Encourage innovation and new treatments from drug companies - rather than marketing and unjustified prices:

  • Stop direct-to-consumer drug company advertising subsidies, and reinvest funds in research. Almost every country in the industrialized world bans or severely restricts direct-to-consumer advertising because it increases prescription drug costs, and can include confusing, misleading or incomplete information or exaggerated claims if not regulated effectively. Clinton’s plan would eliminate corporate write-offs for direct-to-consumer advertising, saving the government billions of dollars over the next decade. She would use the proceeds to help invest in research and making new treatments available. And going forward, Clinton’s plan would establish a mandatory FDA pre-clearance procedure for these ads, funded through user-fees paid for by pharmaceutical manufacturers in order to be sure that the ads provide clear and understandable information to consumers.
  • Require drug companies that benefit from taxpayers’ support to invest in research, not marketing or profits. For years, Hillary Clinton has made the case that Americans should get the value they deserve for the billions of dollars in support they provide through federal investment in basic research and incentives for R&D. Drug companies should not be allowed to reap excessive profits or spend unreasonable amounts on marketing if they want to receive support that is designed to encourage life-saving and health-improving treatments. Clinton’s proposal would require pharmaceutical companies that benefit from federal support to invest a sufficient amount of their revenue in R&D, and if they do not meet targets, boost their investment or pay rebates to support basic research. If elected President, she will convene business leaders, experts on drug pricing, and consumer advocates to set new parameters for federal support in order to ensure this requirement. The basic principle is based on a provision of the Affordable Care Act that required insurance companies to pay rebates to consumers if their profits and administrative costs were an excessive share of benefits actually paid out to consumers.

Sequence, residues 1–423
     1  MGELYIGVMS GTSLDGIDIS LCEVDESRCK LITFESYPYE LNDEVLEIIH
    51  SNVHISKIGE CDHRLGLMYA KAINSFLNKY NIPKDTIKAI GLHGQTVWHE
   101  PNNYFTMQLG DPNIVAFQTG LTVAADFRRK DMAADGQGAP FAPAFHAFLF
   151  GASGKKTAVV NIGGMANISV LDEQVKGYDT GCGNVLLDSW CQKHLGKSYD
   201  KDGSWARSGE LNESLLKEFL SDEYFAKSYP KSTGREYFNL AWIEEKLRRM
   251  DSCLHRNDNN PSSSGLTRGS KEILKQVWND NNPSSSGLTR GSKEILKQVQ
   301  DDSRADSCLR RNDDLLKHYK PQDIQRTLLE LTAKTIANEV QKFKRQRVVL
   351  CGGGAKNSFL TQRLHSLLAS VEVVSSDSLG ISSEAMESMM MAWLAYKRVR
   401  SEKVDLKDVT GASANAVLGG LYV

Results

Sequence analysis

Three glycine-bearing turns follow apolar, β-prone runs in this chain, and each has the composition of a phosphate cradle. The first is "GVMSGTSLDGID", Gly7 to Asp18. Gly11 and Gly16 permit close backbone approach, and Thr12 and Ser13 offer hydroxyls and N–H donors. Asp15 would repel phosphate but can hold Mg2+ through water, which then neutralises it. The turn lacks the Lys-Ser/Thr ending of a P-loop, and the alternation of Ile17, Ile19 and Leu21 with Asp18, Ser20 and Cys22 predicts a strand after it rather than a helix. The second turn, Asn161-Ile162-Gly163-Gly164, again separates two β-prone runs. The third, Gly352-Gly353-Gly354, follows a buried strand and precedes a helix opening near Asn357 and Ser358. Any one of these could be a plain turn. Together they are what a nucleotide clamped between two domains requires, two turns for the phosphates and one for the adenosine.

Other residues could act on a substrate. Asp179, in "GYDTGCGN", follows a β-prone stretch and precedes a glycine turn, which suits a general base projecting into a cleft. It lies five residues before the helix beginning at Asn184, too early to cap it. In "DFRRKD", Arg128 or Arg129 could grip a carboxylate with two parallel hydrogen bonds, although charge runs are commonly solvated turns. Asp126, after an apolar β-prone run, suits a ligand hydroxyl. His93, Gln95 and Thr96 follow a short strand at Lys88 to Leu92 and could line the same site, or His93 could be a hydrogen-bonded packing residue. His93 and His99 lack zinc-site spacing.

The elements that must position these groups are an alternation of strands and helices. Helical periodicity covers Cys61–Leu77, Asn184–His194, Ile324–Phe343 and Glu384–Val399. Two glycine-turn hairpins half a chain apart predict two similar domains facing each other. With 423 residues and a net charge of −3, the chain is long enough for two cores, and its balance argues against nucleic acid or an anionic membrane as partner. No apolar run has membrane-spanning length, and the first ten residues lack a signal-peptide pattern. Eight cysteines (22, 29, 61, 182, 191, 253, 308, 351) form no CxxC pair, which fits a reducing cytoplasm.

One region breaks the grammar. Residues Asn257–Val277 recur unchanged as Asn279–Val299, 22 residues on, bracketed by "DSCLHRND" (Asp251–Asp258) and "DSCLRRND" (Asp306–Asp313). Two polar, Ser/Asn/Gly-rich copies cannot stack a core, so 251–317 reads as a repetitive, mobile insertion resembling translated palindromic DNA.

Leverage America’s negotiating power as a backstop:

  • Allow Medicare to negotiate drug and biologic prices and demand higher rebates for prescription drugs in Medicare. Hillary Clinton has long believed that Medicare should use its leverage with more than 40 million enrollees to negotiate and drive down drug and biologic prices for seniors and others in the program. Today, drug prices in Medicare are negotiated by a disparate set of benefit managers, rather than using the full bargaining power of the program. Clinton believes that we should drive the best bargain for Americans, especially for senior citizens, by allowing Medicare to negotiate drug prices, notably for high-cost drugs with limited competition. Hillary Clinton would also require pharmaceutical companies to provide higher rebates in the Medicare low-income subsidy program, ensuring that rebates are at Medicaid levels. This would save more than $100 billion in Medicare costs.